• Cheryl Spittle

What is the shared ownership scheme?

Shared ownership is a government-backed scheme that allows people to buy a share of a property. You will normally own between 25% and 75% of the property, however on some homes it could be as little as 10%.

The remaining share will be owned by a landlord, and you will pay rent on that share.

Over 55’s

If you’re aged 55 or over at the time of buying the home, you can buy up to a 75% share through the Older Persons Shared Ownership (OPSO) scheme. Once you own 75%, you will not pay rent on the rest.


To qualify to buy a home through shared ownership, both of the following must be true:

  • Your gross household income is £80,000 a year or less (£90,000 a year or less in London)
  • You cannot afford all the deposit and mortgage payments for a home that meets your needs.

One of the following must also be true:

  • You’re a first-time buyer; or
  • You used to own a home but cannot afford to buy one now; or
  • You’re forming a new household – for example, after a relationship breakdown; or
  • You’re an existing shared owner, and you want to move; or
  • You own a home and want to move but cannot afford a new home that meets your needs.

 Eligible properties

  • A new-build home.
  • An existing home through a shared ownership resale scheme.
  • A home that meets your specific needs, if you have a long-term disability – for example, a ground floor flat.

 Where to find a property

There are several places where you can search for shared ownership homes for sale, including:

  • Housing Associations
  • Local Councils
  • Home Builders
  • Property Listing websites  

Rental Payment – How it works

The amount of rent you pay will be based on the landlord’s share. If you buy more shares, you’ll pay less rent.

If you buy a new-build shared ownership home, the rent limit is 3% of the value of the share the landlord owns. Most landlords charge 2.75%.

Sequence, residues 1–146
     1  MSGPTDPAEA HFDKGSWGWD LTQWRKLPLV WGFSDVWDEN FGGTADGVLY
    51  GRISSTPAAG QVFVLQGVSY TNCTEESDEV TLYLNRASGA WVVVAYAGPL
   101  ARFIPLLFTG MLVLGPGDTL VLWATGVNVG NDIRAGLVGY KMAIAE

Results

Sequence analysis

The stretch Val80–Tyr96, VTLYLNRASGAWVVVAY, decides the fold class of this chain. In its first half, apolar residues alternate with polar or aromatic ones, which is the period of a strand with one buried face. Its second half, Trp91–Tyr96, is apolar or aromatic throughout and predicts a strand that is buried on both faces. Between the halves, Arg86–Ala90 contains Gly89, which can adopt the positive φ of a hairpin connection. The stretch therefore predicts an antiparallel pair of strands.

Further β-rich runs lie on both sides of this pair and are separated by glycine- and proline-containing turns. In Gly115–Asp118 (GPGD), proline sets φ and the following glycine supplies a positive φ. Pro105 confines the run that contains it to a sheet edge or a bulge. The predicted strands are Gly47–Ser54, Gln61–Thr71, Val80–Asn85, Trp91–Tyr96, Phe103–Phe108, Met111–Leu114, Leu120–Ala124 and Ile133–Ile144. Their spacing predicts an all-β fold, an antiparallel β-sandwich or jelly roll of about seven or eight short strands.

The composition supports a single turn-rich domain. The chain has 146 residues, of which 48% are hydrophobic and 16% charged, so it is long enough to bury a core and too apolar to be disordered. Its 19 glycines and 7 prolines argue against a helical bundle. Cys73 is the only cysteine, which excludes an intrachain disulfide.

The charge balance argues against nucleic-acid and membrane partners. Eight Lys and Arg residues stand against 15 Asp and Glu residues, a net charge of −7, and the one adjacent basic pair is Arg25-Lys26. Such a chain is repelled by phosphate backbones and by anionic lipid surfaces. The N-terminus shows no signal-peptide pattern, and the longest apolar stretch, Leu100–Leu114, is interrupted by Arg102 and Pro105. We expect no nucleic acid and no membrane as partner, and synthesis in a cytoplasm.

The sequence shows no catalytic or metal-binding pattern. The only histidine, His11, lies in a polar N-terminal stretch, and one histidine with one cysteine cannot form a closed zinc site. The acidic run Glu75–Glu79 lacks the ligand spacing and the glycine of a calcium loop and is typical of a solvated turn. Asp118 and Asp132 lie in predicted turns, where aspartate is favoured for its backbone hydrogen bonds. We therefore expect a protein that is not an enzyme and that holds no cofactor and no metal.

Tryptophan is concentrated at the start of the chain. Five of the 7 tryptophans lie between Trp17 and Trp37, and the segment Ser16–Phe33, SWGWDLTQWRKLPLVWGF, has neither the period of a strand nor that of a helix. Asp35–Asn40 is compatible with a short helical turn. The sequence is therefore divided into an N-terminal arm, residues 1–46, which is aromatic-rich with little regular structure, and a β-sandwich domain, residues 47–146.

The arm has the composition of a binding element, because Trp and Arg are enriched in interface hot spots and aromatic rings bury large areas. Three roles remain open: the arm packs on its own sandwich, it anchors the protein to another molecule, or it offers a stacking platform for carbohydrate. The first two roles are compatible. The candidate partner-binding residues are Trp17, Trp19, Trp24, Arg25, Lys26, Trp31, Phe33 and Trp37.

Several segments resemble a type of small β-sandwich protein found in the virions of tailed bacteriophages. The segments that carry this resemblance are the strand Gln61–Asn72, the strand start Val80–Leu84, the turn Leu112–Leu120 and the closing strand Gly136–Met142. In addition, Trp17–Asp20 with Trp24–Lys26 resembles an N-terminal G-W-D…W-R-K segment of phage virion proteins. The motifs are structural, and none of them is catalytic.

If you buy a resale property, the rent will be set at the same level as what the previous shared owner was paying.

The landlord will periodically review your rent, usually annually, however this will be set out in your lease.

The lease will also detail how much your landlord can increase your rent by. It will be either:

  • the Retail Prices Index (RPI) plus up to 0.5%
  • the Consumer Prices Index (CPI) plus 1%


Check you are eligible to purchase a property through the shared ownership scheme

Find a suitable shared ownership property

Ensure you have sufficient funds to cover associated cost of purchase, these include;

  • Solicitor fees
  • Reservation fee
  • Stamp duty
  • Removals

Complete a budget plan to ensure affordability, taking in to account:

  • Mortgage repayments
  • Rent
  • Any Service charge, management fee, repair reserve funds, estate costs etc (this should all be detailed in your rental agreement)
  • All essential living expenses, such as utilities and council Tax

Request a copy of the “Key Information Document” from the Landlord as this will provide all information around rent, other costs, and terms.

Ensure your affordability budget is future proof by taking into account any potential increase in rent or other items detailed on rental agreement or a change in circumstances.

Obtain an Agreement in Principle from your mortgage provider to ensure you are able to obtain the required mortgage to purchase the property.

Reserve your home with relevant organisation.

Complete a full mortgage application and instruct your conveyancer to carry out relevant legal work.

Buying more shares

Once you own a share of the property you will be able to buy more shares in your home. This is known as ‘staircasing’. The bigger share of the property you own the less you’ll pay in rent.

You can usually buy shares of 10% or more at any time. Some older leases only allow you to buy shares of 25% or more. Some newer leases will allow you to buy shares of 5% or more.

If you bought your home on or after 1 April 2021, you may also be able to buy shares of 1% each year for the first 15 years.

Mortgages on a shared ownership property

A mortgage on a shared ownership property works much the same as a standard mortgage, you will still require a minimum of between 5% – 10% personal deposit of the share you are purchasing. Rental payments will also be taken into account for mortgage affordability.

Buying additional share with a mortgage

To help you purchase additional shares in your property you could either remortgage or request a further advance from your existing mortgage lender